Volume 11, Number 5—May 2005
Human T-cell Leukemia Virus Type 1 Molecular Variants, Vanuatu, Melanesia
Four of 391 Ni-Vanuatu women were infected with variants of human T-cell leukemia virus type 1 (HTLV-1) Melanesian subtype C. These strains had env nucleotide sequences ≈99% similar to each other and diverging from the main molecular subtypes of HTLV-1 by 6% to 9%. These strains were likely introduced during ancient human population movements in Melanesia.
Human T-cell leukemia virus type 1 (HTLV-1), a human oncoretrovirus, is the etiologic agent of adult T-cell leukemia and of tropical spastic paraparesis/HTLV-1–associated myelopathy. Molecular epidemiologic studies have shown HTLV-1 proviruses to be remarkably stable genetically. The low levels of genetic drift in this virus have been used as a means for monitoring viral transmission and the movement of ancient human populations (1,2). The few nucleotide substitutions observed in HTLV-1 strains are specific to the geographic origin of the patient and are unrelated to viral pathology (1,2). Four major geographic HTLV-1 subtypes have been described: subtype A, cosmopolitan (1,2); subtype B, central African; subtype C, Melanesian (3–6); and subtype D, present in central Africa, mainly in pygmies.
Previous reports have indicated that HTLV-1 is endemic in some remote or ancient populations in Melanesia (3–14). These populations include a small number of tribes from Papua New Guinea (especially the Hagahai people) (5) and some inhabitants of the Solomon Islands (7). Evidence of HTLV-1 infection has also been found in some aboriginal groups from Australia (8). Rare cases of adult T-cell leukemia and tropical spastic paraparesis/HTLV-1–associated myelopathy have also been described in these populations (9).
Genetic characterization of the few available Melanesian HTLV-1 strains has indicated that these HTLV-1 strains are the most divergent, constituting molecular subtype C (also called Melanesian subtype [3,4, 6,10]) in phylogenetic analyses. The discovery of such divergent variants has increased our understanding of the migration of HTLV-1–infected populations throughout the Pacific region. Furthermore, 1 of the calibration methods frequently used, in phylogenetic analyses, to estimate a time scale for the evolution of HTLV and simian T-cell leukemia virus (STLV) appears to coincide with the first human migrations to Melanesia and Australia 40,000–60,000 years ago (2).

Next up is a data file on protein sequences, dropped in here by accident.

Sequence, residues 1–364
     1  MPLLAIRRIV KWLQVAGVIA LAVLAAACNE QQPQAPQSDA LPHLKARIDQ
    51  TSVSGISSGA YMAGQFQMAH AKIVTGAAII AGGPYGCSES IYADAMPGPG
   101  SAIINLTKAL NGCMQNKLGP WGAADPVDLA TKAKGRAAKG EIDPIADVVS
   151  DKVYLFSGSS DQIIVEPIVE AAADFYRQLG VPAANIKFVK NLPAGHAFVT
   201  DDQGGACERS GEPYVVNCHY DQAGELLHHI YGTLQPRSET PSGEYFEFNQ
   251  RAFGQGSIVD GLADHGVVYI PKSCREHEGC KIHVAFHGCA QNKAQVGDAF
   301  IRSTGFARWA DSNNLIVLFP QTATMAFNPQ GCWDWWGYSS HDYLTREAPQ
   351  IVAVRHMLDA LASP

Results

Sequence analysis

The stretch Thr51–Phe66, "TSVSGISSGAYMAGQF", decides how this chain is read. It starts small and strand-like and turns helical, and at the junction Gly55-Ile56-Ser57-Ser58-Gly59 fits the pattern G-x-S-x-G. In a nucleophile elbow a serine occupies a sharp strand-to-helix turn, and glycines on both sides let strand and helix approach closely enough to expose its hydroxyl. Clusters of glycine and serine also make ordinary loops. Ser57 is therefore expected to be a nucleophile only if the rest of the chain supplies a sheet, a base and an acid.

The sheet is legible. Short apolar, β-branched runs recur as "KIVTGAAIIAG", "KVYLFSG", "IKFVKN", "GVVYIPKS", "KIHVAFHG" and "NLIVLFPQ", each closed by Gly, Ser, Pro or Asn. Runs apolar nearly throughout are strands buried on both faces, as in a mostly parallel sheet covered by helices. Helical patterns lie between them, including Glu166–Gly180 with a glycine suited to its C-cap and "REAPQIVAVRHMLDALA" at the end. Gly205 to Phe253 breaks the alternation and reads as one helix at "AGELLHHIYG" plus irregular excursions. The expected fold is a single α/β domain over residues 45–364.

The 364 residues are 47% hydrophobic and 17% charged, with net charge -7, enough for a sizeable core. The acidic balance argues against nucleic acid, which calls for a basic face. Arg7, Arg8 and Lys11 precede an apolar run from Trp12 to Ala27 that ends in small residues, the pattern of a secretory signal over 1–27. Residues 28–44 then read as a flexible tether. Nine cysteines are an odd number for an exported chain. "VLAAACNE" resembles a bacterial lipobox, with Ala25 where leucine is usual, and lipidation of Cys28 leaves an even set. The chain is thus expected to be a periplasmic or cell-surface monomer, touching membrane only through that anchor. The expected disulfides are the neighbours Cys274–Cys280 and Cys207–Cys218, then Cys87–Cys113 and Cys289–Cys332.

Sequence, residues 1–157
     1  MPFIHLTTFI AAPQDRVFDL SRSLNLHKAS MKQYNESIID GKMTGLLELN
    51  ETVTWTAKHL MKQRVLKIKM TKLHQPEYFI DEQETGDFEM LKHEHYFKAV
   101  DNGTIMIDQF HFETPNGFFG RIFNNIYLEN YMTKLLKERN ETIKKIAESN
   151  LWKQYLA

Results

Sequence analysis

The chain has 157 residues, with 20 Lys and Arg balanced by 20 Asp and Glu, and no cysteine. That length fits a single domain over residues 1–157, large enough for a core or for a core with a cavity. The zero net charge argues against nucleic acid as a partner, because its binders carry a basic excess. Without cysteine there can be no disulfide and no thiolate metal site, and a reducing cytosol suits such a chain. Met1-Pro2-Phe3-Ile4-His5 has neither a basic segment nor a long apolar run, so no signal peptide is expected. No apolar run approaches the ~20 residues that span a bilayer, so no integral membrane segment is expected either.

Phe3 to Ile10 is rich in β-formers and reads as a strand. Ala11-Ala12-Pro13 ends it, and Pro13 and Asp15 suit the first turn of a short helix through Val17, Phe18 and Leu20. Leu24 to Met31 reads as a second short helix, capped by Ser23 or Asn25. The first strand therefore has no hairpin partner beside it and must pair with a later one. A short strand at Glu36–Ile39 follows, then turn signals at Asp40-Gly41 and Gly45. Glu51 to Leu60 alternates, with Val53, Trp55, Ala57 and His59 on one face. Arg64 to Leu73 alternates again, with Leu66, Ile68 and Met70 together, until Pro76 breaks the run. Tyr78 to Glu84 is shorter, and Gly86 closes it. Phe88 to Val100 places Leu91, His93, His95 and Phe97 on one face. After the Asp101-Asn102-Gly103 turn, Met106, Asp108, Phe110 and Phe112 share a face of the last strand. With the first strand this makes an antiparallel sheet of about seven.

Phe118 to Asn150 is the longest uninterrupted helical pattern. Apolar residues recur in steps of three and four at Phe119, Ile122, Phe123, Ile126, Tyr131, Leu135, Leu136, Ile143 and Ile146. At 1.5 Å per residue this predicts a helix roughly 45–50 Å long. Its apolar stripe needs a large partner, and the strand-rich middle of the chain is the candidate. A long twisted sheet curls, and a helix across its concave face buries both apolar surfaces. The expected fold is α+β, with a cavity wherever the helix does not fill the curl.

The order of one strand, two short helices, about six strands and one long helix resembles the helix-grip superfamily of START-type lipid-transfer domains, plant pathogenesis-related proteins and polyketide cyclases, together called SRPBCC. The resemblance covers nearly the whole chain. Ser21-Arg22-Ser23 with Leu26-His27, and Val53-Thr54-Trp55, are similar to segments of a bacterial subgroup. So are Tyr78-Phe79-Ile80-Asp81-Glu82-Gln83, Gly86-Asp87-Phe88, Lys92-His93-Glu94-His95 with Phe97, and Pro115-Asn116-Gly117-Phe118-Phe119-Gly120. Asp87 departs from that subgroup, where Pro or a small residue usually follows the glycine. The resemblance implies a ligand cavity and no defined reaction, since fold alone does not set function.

We carried out a large serologic and molecular study to determine the prevalence of HTLV-1 and associated diseases in the Vanuatu Archipelago. Vanuatu, formerly known as the New Hebrides, is a Y-shaped archipelago made up of ≈80 islands. It is located in Melanesia, in the South Pacific region, northeast of Australia and south of the Solomon Islands. Vanuatu has a population of ≈200,000 inhabitants, most of whom (95%) are of Melanesian origin and are known as the Ni-Vanuatu.
ecade ago and were not based on stringent serologic criteria (11–14). No molecular characterization data are available for HTLV-1 from this area. The main goals of this study were to evaluate the situation concerning HTLV-1 infection in a remote Ni-Vanuatu population by using stringent serologic criteria for Western blotting and molecular characterization of the viruses.
In February 2002, we recruited 391 women during a clinical survey for sexually transmitted diseases in various remote rural communities of western Ambae Island in the Penama Province of the Vanuatu Archipelago. Ambae Island, also known as Aoba, has a population of ≈9,500. The women participating in this survey were offered a complete clinical examination, with Papanicolaou test analysis for all women >25 years of age. For each participant, we obtained plasma and buffy coats from 5 mL of blood obtained by venipuncture. The blood samples were rapidly transferred to Institut Pasteur de Nouvelle-Calédonie, where plasma and buffy coats were isolated, frozen, and stored (at –80°C) until HTLV screening. Informed consent was obtained from each woman participating in the field survey. This study was approved by the Ministry of Health of the Republic of Vanuatu and was supported by the Vanuatu Family Health Association, a local nongovernmental organization. Samples were taken from 391 women (mean age 36 years, range 16–82 years) with the following stratification by age: 11.2% from women 15–24 years of age, 28.4% from women 25–34 years of age, 31.2% from women 35–44 years of age, 17.4% from women 45–54 years of age, and 11.8% from women ≥55 years of age.
Plasma HTLV-1 antibodies were detected by enzyme-linked immunosorbent assay (ELISA) (HTLV-I+II, Abbott-Murex, Kent, United Kingdom) with Western blot (HTLV-I/II Blot 2.4, Diagnostic Biotechnology, Singapore) used for confirmation. On Western blot, plasma samples were considered HTLV-1–positive if they reacted to the 2 Gag proteins (p19 and p24) and both env-encoded glycoproteins: the HTLV-1–specific recombinant gp46-I peptide (MTA-1) and the specific HTLV-1/HTLV-2 recombinant GD 21 protein. Plasma samples were considered negative when no band were shown and indeterminate when partially reactive (15,16).
Forty-nine of the 391 plasma samples studied tested positive or borderline by ELISA, and 4 of these samples displayed full reactivity on Western blot (Figure 1). One sample also displayed a typical HTLV gag-indeterminate profile (16), and 6 displayed weak reactivity (19 or GD 21 bands). The 4 plasma samples testing positive by Western blot had higher immunofluorescence assay titers on MT2 (HTLV-1) cells than on C19 (HTLV-2) cells and high particle agglutination titers (Table 1). We carried out a second serologic survey on 64 members of the families of the 4 women seropositive for HTLV-1. This survey identified 2 more infected women; 1 was the mother of an index patient, and the other was the sister-in-law of another index patient (Table 1). These results confirm the circulation of HTLV-1 in this population.